Tintin Banished to the Restricted Section of the Brooklyn Public Library


An article in the New York Times about the Brooklyn Public Library’s decision to remove the book Tintin au Congo from the shelf has sparked a new debate about censorship. After a library patron complained about racist elements in the book, it was moved to a backroom where it is available by appointment only. The library, following the policies it has in place to handle requests for removal, had a panel review the book. They decided it belongs in the historic children’s collection, which is kept behind a locked door.

The library has received a lot of criticism about their decision. Michael Meyers, executive director of the New York Civil Rights Coalition, writes in the New York Daily News:

We blacks, of course, know racially offensive images when we see them, but we also don’t need librarians protecting us or our children’s wonderment and discovery from “bad” images and messages in books. Where would such paternalism in the forms of censorship and banishment begin and end? Will the librarians also banish “Huckleberry Finn,” Mark Twain’s classic work, on account that Twain’s book uses the “n” word too many times? Would some parents’ or scanners’ objections to “The Autobiography of Malcolm X” also hold sway and place that book under lock and key, too? Our children, black and white, deserve better.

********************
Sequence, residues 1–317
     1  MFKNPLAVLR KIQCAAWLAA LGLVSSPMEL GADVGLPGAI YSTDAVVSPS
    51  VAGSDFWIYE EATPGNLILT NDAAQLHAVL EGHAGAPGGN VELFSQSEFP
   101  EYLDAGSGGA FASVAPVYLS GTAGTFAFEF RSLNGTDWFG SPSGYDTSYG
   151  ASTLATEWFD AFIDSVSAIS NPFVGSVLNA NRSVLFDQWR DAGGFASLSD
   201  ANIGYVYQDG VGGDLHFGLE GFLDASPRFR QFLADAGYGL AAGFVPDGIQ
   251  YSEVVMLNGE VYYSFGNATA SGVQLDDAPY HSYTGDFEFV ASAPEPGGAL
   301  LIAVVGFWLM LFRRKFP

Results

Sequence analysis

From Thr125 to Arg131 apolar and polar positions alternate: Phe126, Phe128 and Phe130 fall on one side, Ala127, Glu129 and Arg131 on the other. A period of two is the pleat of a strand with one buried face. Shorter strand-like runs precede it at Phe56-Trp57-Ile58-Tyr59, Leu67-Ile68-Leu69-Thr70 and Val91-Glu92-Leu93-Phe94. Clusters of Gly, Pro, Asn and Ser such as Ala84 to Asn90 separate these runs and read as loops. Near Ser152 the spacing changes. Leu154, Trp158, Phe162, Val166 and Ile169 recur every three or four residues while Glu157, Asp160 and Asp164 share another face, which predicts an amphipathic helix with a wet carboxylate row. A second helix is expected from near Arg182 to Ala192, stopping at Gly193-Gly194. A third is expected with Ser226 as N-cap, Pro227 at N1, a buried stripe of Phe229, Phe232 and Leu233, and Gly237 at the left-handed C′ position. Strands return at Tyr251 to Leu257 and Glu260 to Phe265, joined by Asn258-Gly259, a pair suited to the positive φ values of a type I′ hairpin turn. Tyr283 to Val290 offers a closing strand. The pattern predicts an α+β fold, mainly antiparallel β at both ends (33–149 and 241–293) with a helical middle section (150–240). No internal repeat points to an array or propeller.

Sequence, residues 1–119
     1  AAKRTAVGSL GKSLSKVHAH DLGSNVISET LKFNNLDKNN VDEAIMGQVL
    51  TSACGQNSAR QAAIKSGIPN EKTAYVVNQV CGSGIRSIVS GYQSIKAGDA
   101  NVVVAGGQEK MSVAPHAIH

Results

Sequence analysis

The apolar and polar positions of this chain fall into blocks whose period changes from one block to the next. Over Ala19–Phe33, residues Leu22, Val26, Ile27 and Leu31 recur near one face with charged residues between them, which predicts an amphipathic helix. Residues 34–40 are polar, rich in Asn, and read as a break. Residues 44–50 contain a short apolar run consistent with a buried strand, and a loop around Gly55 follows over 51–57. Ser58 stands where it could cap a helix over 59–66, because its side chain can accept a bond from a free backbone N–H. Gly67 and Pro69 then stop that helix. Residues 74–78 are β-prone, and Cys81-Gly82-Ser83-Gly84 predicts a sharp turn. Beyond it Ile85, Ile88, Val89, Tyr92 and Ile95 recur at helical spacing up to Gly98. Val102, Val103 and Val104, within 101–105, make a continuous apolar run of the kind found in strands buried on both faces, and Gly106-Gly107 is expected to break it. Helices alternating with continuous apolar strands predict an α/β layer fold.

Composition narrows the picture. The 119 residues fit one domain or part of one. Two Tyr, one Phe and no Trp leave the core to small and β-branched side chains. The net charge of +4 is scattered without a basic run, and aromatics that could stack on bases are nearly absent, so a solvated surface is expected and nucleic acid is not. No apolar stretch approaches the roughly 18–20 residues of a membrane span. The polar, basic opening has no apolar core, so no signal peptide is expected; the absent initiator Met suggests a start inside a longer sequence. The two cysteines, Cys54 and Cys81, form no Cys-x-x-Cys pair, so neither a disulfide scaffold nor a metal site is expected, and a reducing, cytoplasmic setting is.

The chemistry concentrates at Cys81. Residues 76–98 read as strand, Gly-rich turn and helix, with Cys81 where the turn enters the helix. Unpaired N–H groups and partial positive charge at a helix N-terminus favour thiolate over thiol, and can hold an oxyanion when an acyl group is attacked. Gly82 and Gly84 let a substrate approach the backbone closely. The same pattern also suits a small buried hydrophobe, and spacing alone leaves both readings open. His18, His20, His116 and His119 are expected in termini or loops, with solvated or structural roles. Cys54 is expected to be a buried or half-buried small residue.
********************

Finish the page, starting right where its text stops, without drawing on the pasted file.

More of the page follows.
I don’t want to second guess the Brooklyn Public Library because it seems like this was a tough decision and they handled it according to library policy, which is the appropriate response. According to the article, “New York City libraries have received almost two dozen written objections since 2005. But the book about Tintin was the only challenged item to have been removed from the shelves.” That seems like a pretty good track record, so I’m curious about how they reached their decision for Tintin. Personally, I think books like these are part of our society’s historical record and we can use them to teach children about racism, and I wonder if the library considered that when making their decision.

I think it’s great that people are talking about intellectual freedom. If anything, the New York Times article raised people’s awareness that censorship is a very real issue in the US as librarians across the country receive complaints about books everyday. BannedBooksWeek.org has a really cool map available on their website that shows book bans and challenges in the US from 2007-2009. Check it out to see if any books have been banned in your state.

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